Sprinkled with an enchanting essence, Edinburgh, a dreamy destination for Hogwarts fans, is sacred ground to Harry Potter enthusiasts. Between the higgledy piggledy cobbled streets, dramatic medieval architecture and age-old charm, J.K. Rowling landed on a goldmine of inspiration as spellbinding as the contents of Gringotts, when she moved to Scotland in the ’90s. Revel in the magic found woven throughout the cultural and historical fabric of Edinburgh and explore the best Potterhead spots.
Adored by tourists and locals alike, Victoria Street is one of Edinburgh’s most beautiful streets. Lined with independent shops, each as colourful as the next, this curving cobbled street was built between 1829 and 1834. It also happens to be the main inspiration for Diagon Alley. Overflowing with character and stand-out quirks, even muggles can spot the similarities. Aha Ha Ha joke shop and Diagon House should not be passed up. Adding to the excitement, the Wizard of the West Bow once resided here many moons ago.
A newcomer to Edinburgh’s magic scene, Diagon House is a one-stop shop for all Potter-related needs and desires, minus all the commercial cheese common to many retailers. This atmospheric emporium is perched halfway down Victoria Street, a street famed as Rowling’s said inspiration for Diagon Alley. Adorned with a wealth of official HP merchandise and collectibles from local artisans, the meticulously picked curiosities span all price points. With decades of broom-making heritage written into its history, Diagon House is as charming as it is alluring.
Famed for its direct link with the story of Greyfriars Bobby, Greyfriars Kirkyard is deemed one of the world’s most haunted places. It was also a space of calm for Rowling while she gathered her thoughts and walked. Tucked away amid the age-old headstones is the grave of a Thomas Riddell Esquire, the very name (albeit a different spelling) given to Lord Voldemort. The kirkyard also houses the graves of Elizabeth Moodie and William McGonagall, which likely inspired the names of Mad-Eye Moody and Professor McGonagall. Fans flock from far and wide to leave letters and other forms of fan mail at ‘Voldemort’s grave’, despite the fact that the Edinburgh City Council remove them out of respect for the dead.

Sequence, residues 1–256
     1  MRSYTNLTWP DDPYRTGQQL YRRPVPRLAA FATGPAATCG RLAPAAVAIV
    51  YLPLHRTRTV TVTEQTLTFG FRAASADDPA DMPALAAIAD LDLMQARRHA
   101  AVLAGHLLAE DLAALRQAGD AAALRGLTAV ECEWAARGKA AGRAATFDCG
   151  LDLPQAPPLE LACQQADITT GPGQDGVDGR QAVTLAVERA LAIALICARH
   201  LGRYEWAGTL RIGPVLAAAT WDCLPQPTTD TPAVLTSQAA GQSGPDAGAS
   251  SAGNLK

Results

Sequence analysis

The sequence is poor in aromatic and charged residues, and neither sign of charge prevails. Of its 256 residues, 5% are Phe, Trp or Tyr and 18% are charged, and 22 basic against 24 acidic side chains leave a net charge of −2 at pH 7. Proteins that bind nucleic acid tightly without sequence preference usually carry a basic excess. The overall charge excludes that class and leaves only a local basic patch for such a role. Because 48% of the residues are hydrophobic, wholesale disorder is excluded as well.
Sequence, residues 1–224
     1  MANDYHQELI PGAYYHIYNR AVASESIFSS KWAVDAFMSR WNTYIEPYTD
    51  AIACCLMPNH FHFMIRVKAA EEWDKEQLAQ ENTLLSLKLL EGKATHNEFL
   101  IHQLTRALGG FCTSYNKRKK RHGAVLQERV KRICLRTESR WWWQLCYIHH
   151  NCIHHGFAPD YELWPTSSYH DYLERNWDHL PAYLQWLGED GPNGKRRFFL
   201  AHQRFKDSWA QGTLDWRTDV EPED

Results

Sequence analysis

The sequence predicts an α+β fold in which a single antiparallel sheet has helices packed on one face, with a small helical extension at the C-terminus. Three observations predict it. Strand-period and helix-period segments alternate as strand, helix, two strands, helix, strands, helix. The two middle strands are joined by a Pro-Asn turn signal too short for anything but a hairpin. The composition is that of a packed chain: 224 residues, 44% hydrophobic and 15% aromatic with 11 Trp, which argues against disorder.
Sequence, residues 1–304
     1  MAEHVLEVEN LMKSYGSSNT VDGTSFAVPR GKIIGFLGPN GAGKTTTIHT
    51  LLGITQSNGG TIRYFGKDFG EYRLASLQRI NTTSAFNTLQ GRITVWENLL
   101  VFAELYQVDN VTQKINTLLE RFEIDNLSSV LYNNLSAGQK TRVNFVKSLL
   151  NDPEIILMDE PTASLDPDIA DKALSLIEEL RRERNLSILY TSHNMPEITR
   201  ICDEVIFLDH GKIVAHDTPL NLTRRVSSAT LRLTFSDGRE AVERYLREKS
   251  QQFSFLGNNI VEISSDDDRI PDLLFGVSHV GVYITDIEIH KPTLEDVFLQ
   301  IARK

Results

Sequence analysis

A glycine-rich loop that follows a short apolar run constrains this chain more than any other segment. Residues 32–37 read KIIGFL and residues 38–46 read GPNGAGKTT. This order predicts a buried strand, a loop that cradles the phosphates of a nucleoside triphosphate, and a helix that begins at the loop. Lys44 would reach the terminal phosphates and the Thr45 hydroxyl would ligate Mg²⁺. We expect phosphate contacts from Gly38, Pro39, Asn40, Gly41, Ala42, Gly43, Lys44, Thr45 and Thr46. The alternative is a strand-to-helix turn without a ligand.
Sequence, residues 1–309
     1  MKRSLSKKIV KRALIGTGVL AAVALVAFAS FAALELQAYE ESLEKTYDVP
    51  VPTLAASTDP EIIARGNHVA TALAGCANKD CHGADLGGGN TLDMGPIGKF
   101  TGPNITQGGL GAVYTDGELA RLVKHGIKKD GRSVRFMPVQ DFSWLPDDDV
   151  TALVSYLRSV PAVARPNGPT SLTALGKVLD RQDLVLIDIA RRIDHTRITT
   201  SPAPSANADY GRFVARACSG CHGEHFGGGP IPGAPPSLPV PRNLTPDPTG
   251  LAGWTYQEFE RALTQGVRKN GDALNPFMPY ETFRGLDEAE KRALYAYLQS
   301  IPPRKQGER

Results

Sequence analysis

A known hotspot for Scottish writers such as Ian Rankin and Alexander McCall-Smith, The Elephant House served as a home away from home for Rowling while she wrote the Harry Potter series, hence its unofficial title as ‘The Birthplace of Harry Potter’.
Speculations state that Spoon, formerly called Nicolson’s Café, was the hangout of choice while she conjured up the first book. The café provided a prime working environment and the chance to save on her home heating bill.
An architectural masterpiece lined with turrets and towers, the resemblance between George Heriot’s School and Hogwarts is uncanny. This private co-educational school also uses the House system to sort students, just as Hogwarts has Ravenclaw, Slytherin, Gryffindor and Hufflepuff. Almost as mesmerising as the magical edifice it inspired, Rowling’s children attended Heriot’s.
The Balmoral Hotel is both a staple in Princes Street’s skyline and a legendary institution. Praised for its high-end furnishings, central location, Michelin-starred restaurant and glamorous guests, Potter fans can embrace the magic and stay in room 552 or the J.K. Rowling Suite. Free from distractions and cloaked in luxury, this swanky suite was frequented by Rowling while she wrote The Deathly Hallows. The room features a brass owl door knocker, a signed marble bust of Hermes and the very writing desk where she put pen to paper.
A little slice of Hollywood in Scotland, the Edinburgh City Chambers is a popular stomping ground for any hardcore HP fans in the know. A bronze impression of Rowling’s hands is showcased on a flagstone in the quadrangle. These precious hands, which appeared in 2008 when the author received the Edinburgh Award, are placed next to those of Ian Rankin OBE, Sir Chris Hoy and Tom Gilzean.